Additionally, when a resident has exposed dentin that's sensitive to hot and cold drinks, it's important to serve room temperature water and not ice cold water for both drinking and rinsing the mouth after brushing. Residents suffering from dehydration will drink more water if room temperature water is provided.

Maintaining good oral health has provided an amazing array of successes for nursing home residents. Some BLISS OHTP testimonials include: 1) Fewer hospital admittances due to respiratory problems 2) Less frequent behavioral problems 3) Improvement in overall self-esteem 4) Enhanced quality of life, especially when oral cancer is detected early

Cheney Golden Age Home's administrator commented, "As a result of the BLISS OHTP, oral health problems in residents are found in the early stages, which means the costs are lower when our residents visit a dentist. In addition, it's a great marketing tool for the facility because we can say that we offer an excellent oral health program for residents."

Maintaining optimum oral health for seniors is the need of the time! It is vital to the overall health and well-being of a population that is so often forgotten. The Kansas Health Care Association continues to make oral health care a priority. It is an important part of their quality care initiatives. As many Kansans say, "It's the right thing to do!"

A computer program tracks the oral health of nursing home residents for the duration of their stay at the facility.

Adopt a nursing home

Please take the time to adopt a nursing home near you and provide semiannual oral health in-services for the staff. You will not only help the staff feel more competent and comfortable when they provide care to their residents, but you will also help them understand their and their families' oral health needs. Additionally, long-term care residents will enjoy having you visit with them. Residents, and sometimes family members, sit in on my in-service presentations and ask questions. This is an opportunity for staff members to learn what concerns family members have regarding their loved ones' oral health needs.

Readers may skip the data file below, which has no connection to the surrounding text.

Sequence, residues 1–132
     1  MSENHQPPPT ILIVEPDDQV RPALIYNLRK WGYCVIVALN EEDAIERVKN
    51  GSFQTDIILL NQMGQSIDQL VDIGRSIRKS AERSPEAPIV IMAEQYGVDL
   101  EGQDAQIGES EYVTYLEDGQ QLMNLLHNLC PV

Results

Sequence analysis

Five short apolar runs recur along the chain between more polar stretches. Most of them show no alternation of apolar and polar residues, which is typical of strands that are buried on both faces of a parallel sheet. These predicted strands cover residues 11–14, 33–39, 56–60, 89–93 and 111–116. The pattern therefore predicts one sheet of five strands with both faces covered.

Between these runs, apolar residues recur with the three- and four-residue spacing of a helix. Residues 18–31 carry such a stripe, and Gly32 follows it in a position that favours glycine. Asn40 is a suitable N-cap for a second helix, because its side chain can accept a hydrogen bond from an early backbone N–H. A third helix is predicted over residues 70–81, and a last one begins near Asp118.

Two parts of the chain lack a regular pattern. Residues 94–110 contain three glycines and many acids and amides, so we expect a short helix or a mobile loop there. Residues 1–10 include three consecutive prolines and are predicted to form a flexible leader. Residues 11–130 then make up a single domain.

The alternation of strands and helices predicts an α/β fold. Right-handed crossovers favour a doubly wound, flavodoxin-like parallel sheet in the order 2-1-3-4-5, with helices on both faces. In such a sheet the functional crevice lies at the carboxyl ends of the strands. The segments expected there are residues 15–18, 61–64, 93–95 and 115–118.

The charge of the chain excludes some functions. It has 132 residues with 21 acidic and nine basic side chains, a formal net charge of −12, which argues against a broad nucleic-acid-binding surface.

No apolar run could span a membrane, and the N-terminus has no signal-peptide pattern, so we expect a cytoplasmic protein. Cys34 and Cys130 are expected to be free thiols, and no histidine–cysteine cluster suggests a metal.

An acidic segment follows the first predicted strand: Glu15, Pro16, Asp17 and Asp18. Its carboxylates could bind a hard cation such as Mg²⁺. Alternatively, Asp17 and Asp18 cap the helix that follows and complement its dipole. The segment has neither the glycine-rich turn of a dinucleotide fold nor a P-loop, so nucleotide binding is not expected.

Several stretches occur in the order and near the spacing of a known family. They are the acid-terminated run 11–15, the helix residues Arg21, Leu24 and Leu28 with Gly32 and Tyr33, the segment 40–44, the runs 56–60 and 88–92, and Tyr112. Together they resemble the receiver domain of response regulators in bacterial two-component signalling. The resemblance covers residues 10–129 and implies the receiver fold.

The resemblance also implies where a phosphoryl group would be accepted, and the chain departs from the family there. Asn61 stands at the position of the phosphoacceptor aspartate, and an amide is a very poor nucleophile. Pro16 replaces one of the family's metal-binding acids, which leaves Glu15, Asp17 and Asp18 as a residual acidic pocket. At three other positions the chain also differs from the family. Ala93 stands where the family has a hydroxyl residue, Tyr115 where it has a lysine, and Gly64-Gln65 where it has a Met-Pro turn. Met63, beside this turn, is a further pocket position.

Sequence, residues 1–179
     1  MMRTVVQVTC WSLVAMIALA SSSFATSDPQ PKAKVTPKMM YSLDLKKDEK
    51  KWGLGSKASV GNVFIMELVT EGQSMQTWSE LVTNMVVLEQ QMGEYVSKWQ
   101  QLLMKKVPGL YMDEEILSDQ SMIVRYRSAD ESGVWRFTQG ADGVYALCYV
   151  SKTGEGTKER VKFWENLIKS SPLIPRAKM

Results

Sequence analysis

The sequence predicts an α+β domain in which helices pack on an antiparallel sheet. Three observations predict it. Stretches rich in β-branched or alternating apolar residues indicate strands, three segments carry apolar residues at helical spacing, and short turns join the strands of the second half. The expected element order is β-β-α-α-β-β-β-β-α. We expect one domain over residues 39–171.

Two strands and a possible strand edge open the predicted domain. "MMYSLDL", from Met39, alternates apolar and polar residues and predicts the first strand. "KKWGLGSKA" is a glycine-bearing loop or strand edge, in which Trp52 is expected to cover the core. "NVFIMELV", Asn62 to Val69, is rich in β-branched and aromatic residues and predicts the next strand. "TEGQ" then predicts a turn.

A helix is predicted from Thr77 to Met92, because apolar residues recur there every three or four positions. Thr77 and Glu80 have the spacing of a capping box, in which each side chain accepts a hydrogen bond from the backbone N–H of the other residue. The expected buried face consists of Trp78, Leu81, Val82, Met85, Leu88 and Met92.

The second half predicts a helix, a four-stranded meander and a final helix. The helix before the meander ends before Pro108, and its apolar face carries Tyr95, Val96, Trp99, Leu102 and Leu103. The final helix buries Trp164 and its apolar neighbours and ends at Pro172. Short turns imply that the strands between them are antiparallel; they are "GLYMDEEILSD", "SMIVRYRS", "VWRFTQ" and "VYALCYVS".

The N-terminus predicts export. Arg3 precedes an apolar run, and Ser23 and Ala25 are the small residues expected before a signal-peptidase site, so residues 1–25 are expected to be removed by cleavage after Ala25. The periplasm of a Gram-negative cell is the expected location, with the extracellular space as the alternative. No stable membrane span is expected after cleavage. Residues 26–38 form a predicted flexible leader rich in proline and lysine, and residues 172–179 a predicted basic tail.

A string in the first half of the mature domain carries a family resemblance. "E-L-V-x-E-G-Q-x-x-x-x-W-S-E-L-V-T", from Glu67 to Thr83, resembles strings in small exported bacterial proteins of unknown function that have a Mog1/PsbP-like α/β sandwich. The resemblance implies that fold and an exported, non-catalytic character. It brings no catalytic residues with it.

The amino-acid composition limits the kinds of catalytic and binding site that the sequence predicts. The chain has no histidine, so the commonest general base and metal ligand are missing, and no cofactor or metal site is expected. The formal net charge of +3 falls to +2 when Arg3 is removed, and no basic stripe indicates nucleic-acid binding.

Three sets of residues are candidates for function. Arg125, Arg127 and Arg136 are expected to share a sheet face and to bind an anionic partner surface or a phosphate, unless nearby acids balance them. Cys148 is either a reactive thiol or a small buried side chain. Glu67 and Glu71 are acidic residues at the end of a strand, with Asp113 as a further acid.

Once you adopt a nursing home, the benefits are immense.

  • You will increase oral health knowledge and care for the residents, staff members, and their families.
  • You will enable staff members to feel more competent and comfortable in providing oral care for their residents by showing them how to use certain oral aids, for example, the Open Wide bite block and Collis curve toothbrush.
  • You will assist with new-staff training, which means at least two oral health in-services per year due to high staff turnover in nursing homes.
  • You will increase public awareness of our profession.
  • You will increase public awareness of your dental office.

An added bonus: In some states, in-service training may count as continuing education credit for dental hygiene licensure requirements.

Loretta (Letty) J. Seidl, RDH, MHS, is the current president of BLISS & Associates LLC and the Serendipity Foundation Inc., which supports oral health training in long-term care facilities. Through the BLISS Oral Health Training Program (OHTP), she provides daily oral care to residents and referrals to dentists as needed. Working in nursing homes for 24 years, she has provided comprehensive oral health care, in-services, and staff training. She also presents oral health awareness seminars for state surveyors. Her approach to planning for the future needs of our aging population has been innovative and balanced, with a holistic view of their physical, mental, and emotional needs. She is a former assistant professor in the department of dental hygiene at Wichita State University.


1. Blanco Johnson V. (2012) Oral Hygiene Care for Functionally Dependent and Cognitively Impaired Older Adults. Journal of Gerontological Nursing. Volume 38 - Issue 11:11-19.
2. BLISS & Associates, LLC. (1996) BLISS Oral Health Training Program.